This is just a quick note to alert you to a very thought provoking post.

Meditation is usually taken to be at worst harmless and usually very beneficial. In my experience meditation has been beneficial.

This post is about the experience of a zen practitioner who found that meditation was (at least) not enough. His practice fitted his childhood learning of dissociation. During psychotherapy he learned that he wanted a witness to his trauma and an authentic relationship.

I guess advocates of meditation might argue that this was a misuse of meditation.

It is however a very stimulating post. For me it goes right to the heart of what psychotherapy (and meditation) are about. It is called What Everybody Should Know About the Dangers of Meditation. Highly recommended.

If you liked this post you might also like:
Meditation for relaxation
Breathing #1
Breathing #2

Would you like to feel less stressed?
Could you do with more joy in your life?

The answer is living authentically. Buy the book or sign up for the course now from my Living Authentically website.

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7 Comments to “The Dangers of Meditation”

  1. Jim Edmonds says:

    Overdoing meditation is actually not a good thing unless you are in a retreat where a spiritual adviser is present.

  2. Evan says:

    Thanks Jim, I agree.

  3. Barbara says:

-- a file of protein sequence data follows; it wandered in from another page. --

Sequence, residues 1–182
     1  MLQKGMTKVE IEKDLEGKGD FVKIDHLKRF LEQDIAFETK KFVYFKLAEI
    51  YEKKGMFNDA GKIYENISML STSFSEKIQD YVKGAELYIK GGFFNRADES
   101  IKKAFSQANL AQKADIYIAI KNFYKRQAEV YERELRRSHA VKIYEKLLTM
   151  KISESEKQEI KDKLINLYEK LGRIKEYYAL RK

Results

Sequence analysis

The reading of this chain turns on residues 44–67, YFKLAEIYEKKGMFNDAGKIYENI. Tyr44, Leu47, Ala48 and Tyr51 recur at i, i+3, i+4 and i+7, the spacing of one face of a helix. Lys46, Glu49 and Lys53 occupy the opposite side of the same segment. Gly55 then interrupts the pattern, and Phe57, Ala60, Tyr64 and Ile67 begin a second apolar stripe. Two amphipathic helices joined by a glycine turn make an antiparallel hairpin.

Hi Evan,

    I read this recommened article this morning. It put words to an experience I had a few weeks ago. And many years prior.

    Since 1967 I had wanted to learn to meditate, I was only 13 or 14 then. It took me until 1983 to finally go for formal instruction. Since that time, I have been to many different types of meditation courses, all of which I fell into ‘naturally’, except mindfulness meditation.

    A few weeks ago I had been experiencing some rather extreme distress. I reported the events to my therapist. She asked if I knew what to do to relieve some of the tension. I said, sure, I could meditate and be off in never neverland in no time. But I knew that’s not what I wanted, not what would actually begin to solve the problem, instead just put it on hold until I ‘got back’.

    I, too, have found that dissociation is my natural fall back position, so staying present, as in mindfulness practice, to observe what’s going on is so much effort for me, it can exacerbate pain or tension, not relieve it. I’m better at being in a more conscious state, rather than invoking an altered one, to observe what is happening.

    In other words, meditation for me is an avoidance rather than an observation state. Although it can and does relax me, it has also more often deterrred healing of things I want healed. Things I thought the meditation could assist with, but didn’t.

  4. Evan says:

    Hi Barbara, thanks for your personal and insightful comment.

  5. josey says:

    I spent a good many years meditating until I learned of the dangers. some studies say over 60% of those that meditate have problems, others say 10 to 20%. i think it is a topic that should be made known to others because all i ever heard about were the pluses.

  6. Evan says:

    Hi Josey, I too think we need to look at downsides as well as upsides. Thanks for your comment and telling me about your experience.

  7. Buddha says:

    For someone 10 min is overdoing for someone Else 10 hours is not overdoing
    You need to find your rythem.

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